A pitch-perfect book. Kirkus

Weather
and karma permitting,
the haze will dissolve.  Where nothing
was, you’ll catch a glimpse
of Kachenjunga.
from “Darjeeling”

These iridescent poems reveal a life lived broadly and deeply.  Time passes. Locales change. Faces come and go.

But constants persist: the balm of sympathy, a subversive humor, a passion for understanding. Sharpe takes us along as she ranges the world, seeking knowledge and adventure from ocean reef to Himalayan peak, from Timbkutu to Moscow to home, wherever that may be.  Imprinted with childhood memories as she meets fabled potters, tea pickers, revered lamas, hibernating bears and demon-fighting dogs, the more she makes the whole world her own, the better she comes to terms with those who formed her.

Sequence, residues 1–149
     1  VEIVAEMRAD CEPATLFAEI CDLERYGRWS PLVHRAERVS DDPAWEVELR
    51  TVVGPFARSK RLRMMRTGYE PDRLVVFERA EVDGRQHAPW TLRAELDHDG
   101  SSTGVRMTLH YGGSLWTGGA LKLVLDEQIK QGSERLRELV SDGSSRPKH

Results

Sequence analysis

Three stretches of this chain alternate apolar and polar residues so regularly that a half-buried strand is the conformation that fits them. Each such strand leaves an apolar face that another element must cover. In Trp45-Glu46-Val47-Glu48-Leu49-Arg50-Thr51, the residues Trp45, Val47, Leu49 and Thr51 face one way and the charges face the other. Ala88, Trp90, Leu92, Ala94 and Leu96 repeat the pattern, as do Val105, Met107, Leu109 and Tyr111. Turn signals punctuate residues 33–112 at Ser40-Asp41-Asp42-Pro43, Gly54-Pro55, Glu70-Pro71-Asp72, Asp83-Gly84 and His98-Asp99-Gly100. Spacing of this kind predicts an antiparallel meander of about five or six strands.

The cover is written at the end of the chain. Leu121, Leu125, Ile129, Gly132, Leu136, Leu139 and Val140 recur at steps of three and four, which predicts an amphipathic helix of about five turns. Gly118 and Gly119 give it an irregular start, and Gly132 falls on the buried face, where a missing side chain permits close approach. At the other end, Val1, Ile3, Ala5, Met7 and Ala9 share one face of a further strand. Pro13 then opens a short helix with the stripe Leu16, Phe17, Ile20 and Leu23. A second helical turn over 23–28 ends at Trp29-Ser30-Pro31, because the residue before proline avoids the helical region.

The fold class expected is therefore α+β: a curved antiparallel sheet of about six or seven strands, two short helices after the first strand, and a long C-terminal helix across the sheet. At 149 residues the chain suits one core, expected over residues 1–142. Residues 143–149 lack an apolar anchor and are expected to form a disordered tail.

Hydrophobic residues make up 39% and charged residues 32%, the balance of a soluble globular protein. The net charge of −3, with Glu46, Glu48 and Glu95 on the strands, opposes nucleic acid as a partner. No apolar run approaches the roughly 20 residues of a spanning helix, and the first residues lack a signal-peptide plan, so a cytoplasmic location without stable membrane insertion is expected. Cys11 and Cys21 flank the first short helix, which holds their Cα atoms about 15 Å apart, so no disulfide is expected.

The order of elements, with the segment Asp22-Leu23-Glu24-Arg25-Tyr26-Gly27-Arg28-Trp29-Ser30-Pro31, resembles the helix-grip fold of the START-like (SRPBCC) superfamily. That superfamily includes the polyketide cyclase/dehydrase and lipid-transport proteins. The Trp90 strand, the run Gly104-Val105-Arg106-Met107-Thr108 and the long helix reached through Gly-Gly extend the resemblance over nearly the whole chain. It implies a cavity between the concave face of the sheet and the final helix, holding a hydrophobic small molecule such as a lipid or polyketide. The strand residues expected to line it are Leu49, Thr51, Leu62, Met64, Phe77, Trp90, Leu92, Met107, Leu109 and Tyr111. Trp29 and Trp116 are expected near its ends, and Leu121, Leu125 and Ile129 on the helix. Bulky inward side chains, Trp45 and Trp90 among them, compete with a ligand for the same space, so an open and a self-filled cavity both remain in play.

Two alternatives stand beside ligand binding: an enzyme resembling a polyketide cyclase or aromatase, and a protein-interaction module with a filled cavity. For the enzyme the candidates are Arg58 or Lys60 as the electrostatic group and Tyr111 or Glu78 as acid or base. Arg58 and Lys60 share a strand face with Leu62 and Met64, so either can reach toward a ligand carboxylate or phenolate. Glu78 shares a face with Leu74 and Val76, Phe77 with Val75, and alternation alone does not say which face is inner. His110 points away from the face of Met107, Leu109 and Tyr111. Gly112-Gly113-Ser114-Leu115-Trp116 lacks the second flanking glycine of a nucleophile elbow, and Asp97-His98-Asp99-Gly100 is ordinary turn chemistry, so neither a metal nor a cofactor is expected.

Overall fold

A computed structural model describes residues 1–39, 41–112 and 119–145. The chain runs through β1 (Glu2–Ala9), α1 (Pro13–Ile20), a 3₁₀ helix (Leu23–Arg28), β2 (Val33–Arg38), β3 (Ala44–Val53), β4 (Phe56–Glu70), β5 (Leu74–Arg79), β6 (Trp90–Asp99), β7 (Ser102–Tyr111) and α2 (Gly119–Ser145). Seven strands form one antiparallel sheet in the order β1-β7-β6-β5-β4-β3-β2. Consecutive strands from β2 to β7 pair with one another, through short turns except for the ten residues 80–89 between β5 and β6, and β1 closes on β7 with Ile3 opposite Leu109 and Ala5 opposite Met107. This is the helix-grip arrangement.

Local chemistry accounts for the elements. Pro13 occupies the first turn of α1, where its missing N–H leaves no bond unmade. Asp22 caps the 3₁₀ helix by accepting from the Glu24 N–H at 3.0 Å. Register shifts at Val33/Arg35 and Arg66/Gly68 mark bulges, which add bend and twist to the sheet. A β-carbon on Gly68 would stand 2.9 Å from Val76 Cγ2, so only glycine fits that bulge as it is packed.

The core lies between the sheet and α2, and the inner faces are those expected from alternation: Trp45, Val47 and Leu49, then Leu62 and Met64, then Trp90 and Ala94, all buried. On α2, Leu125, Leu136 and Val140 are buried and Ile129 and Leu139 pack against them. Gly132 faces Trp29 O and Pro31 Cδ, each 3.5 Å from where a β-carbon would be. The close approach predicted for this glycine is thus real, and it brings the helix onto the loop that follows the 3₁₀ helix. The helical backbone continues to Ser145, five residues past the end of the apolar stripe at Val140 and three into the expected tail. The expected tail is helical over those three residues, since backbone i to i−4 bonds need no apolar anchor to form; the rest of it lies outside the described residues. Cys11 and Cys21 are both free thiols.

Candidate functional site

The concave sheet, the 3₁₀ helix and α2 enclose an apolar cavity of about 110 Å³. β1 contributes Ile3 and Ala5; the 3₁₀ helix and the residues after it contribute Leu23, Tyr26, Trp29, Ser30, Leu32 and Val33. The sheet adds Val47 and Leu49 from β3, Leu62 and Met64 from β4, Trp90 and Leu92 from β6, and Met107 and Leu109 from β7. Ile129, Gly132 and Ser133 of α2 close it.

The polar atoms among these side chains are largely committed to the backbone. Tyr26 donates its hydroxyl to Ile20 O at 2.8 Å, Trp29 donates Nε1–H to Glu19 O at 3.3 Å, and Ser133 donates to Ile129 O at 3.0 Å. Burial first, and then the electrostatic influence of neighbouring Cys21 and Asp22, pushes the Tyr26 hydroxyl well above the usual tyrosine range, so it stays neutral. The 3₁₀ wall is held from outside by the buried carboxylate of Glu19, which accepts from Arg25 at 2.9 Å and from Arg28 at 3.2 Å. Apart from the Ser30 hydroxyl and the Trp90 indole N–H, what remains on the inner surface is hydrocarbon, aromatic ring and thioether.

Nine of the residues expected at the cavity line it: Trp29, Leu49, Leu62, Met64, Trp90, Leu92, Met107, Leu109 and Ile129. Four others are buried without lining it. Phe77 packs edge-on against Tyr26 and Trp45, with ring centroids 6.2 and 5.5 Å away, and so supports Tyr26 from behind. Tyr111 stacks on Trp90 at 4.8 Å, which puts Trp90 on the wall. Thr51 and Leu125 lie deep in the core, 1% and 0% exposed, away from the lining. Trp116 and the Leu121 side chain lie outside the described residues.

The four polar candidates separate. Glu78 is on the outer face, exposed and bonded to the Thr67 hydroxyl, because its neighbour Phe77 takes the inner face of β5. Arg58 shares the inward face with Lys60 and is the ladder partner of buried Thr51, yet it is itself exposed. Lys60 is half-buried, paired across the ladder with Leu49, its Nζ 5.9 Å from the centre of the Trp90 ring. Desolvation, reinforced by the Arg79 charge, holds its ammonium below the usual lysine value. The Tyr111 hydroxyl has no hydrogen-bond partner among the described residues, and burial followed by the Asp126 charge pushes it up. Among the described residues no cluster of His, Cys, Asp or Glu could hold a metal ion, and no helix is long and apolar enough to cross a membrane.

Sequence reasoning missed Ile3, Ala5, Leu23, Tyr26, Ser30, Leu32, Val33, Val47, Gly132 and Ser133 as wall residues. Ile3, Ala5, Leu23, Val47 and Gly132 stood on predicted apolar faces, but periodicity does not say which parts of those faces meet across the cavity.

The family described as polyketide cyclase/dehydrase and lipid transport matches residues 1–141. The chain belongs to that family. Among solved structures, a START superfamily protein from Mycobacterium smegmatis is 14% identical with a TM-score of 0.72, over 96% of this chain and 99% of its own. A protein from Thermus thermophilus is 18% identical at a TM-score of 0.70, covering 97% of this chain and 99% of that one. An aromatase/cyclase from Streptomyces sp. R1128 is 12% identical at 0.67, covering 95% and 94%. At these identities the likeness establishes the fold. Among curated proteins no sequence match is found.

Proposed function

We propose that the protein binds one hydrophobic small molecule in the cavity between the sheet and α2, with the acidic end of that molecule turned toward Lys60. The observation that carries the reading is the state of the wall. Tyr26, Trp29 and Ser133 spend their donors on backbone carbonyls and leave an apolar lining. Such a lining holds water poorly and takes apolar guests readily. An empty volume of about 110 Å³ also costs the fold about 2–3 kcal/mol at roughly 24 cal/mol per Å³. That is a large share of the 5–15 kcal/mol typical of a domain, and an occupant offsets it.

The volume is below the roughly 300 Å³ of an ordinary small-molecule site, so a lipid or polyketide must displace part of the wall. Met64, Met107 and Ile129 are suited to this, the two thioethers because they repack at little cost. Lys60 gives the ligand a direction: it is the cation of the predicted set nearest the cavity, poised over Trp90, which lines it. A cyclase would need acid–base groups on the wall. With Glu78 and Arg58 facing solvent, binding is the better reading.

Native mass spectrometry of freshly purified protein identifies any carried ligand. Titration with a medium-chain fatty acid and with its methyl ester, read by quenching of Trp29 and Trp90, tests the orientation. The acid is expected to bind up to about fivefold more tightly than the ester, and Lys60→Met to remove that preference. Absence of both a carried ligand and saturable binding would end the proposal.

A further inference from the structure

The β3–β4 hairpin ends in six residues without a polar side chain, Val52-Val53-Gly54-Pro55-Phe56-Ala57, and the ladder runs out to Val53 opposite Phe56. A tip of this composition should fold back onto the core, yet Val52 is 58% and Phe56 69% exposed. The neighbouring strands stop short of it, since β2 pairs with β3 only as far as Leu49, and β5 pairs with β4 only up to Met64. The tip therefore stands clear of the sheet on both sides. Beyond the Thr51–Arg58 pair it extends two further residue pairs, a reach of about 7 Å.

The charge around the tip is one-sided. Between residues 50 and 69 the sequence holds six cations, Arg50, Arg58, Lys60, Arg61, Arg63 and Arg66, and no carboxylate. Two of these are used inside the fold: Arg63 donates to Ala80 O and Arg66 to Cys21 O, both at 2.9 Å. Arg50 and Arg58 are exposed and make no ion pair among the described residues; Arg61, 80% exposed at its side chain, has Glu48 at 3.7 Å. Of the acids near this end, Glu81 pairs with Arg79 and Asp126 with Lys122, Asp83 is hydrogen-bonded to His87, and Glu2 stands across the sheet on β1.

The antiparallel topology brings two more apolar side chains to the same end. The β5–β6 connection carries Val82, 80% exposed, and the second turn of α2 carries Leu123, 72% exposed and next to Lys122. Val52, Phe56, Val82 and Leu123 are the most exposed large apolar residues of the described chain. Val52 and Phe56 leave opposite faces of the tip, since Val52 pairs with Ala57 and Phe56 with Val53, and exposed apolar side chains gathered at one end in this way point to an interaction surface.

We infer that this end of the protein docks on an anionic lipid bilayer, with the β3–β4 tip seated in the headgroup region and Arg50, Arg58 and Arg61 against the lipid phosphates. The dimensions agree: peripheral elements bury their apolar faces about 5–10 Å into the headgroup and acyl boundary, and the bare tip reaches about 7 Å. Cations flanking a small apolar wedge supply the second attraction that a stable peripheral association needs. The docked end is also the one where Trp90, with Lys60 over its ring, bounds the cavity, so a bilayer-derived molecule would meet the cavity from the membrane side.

There’s a reason why The Danger Is Seduction is a “collection.”  Look at it this way: one chocolate chip cookie is delicious.  Two or three?  Nearly as yummy.  But wolfing ten or a dozen?  Not a sane, single-sitting project.   Ditto with page after page of Shakespearean sonnets consumed one after the other: a sure route to mind mush.  And double ditto for book-long collections of poetry contrived to share a single theme, mood and/or form.  For me, anyway. So I vary the theme in Seduction. I vary the mood. I vary the form.  To avoid monotony.  But also because each poem has its own completeness.  As for the import of the whole of what I’ve written, here or elsewhere, too early to say.  My journey’s not over.